Deadly Surprise: Tiny Crystals Behind Unexpected Violent Volcanic Eruptions
Nanolite ‘snow’ surrounding an iron oxide microlite ‘Christmas tree’. Even these small 50 nm spheres are actually made up of even smaller nanolites aggregated into clumps. Christmas has come early this year for these researchers.
In a new study of volcanic processes, Bristol scientists have demonstrated the role nanolites play in the creation of violent eruptions at otherwise ‘calm’ and predictable volcanoes.
The study, published in Science Advances, describes how nano-sized crystals (nanolites), 10,000 times smaller than the width of a human hair, can have a significant impact of the viscosity of erupting magma, resulting in previously unexplained and explosive eruptions.
“This discovery provides an eloquent explanation for violent eruptions at volcanos that are generally well behaved but occasionally present us with a deadly surprise, such as the 122 BC eruption of Mount Etna,” said Dr. Danilo Di Genova from the University of Bristol’s School of Earth Sciences.
“Volcanoes with low silica magma compositions have very low viscosity, which usually allows the gas to gently escape. However, we’ve shown that nanolites can increase the viscosity for a limited time, which would trap gas in the sticky liquid, leading to a sudden switch in behavior that was previously difficult to explain.”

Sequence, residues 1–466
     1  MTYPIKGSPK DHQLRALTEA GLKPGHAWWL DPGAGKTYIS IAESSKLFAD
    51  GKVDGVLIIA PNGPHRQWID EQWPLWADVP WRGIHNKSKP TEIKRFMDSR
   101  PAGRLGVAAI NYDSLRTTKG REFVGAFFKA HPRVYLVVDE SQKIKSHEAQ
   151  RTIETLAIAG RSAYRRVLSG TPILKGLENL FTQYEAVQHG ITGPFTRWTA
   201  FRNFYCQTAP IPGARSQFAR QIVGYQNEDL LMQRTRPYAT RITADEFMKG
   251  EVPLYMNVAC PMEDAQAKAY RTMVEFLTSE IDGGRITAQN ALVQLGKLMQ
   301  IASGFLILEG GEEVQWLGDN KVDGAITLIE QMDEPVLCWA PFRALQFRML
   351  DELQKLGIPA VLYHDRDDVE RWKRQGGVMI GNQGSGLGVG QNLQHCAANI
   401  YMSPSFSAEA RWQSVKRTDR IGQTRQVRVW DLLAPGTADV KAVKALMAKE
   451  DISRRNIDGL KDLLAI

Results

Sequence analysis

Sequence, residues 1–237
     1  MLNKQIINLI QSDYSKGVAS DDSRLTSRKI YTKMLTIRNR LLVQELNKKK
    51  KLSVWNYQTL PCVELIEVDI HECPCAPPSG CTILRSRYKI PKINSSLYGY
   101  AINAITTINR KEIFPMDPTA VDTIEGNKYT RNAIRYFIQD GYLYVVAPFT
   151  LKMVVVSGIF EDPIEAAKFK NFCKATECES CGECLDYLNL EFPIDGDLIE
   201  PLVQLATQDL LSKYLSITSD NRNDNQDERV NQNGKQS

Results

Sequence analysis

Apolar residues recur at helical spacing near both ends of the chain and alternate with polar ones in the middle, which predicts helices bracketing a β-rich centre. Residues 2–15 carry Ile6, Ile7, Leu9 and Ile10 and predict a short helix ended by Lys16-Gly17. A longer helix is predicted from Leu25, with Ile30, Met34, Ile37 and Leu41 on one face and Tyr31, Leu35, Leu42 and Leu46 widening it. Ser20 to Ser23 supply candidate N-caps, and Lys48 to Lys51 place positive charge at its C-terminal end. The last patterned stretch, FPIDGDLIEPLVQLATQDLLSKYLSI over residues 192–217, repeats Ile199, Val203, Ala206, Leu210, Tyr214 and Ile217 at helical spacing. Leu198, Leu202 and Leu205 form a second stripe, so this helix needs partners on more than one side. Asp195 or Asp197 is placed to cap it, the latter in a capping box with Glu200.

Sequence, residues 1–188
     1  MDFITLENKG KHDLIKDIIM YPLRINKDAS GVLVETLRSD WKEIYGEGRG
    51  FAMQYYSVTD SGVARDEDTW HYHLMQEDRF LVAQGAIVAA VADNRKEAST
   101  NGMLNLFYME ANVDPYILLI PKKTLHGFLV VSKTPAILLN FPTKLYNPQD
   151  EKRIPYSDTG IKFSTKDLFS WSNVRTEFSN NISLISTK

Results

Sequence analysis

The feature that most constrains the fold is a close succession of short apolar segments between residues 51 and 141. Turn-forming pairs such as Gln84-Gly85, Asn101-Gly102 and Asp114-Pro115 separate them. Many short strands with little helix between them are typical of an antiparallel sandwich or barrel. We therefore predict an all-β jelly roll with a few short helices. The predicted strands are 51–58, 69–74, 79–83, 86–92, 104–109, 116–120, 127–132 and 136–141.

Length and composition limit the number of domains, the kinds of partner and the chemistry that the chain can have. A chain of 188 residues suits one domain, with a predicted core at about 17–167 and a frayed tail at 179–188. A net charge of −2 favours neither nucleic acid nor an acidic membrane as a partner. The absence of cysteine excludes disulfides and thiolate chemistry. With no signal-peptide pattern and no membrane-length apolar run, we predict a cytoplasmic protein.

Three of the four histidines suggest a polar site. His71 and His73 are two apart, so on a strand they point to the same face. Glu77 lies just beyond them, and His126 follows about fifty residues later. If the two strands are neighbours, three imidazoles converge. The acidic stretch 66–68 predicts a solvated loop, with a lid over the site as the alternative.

Dr. Richard Brooker also from Earth Sciences, said: “We demonstrated the surprising effect of nanolites on magma viscosity, and thereby volcanic eruptions, using cutting-edge nano-imaging and Raman spectroscopy to hunt for evidence of these almost invisible particles in ash erupted during very violent eruptions.”
“The next stage was to re-melt these rocks in the laboratory and recreate the correct cooling rate to produce nanolites in the molten magma. Using the scattering of extremely bright synchrotron source radiation (10 billion times brighter than the sun) we were able to document nanolite growth.”
“We then produced a nanolite-bearing basaltic foam (pumice) under laboratory conditions, also demonstrating how these nanolites can be produced by undercooling as volatiles are exsolved from magma, lowering the liquidus.”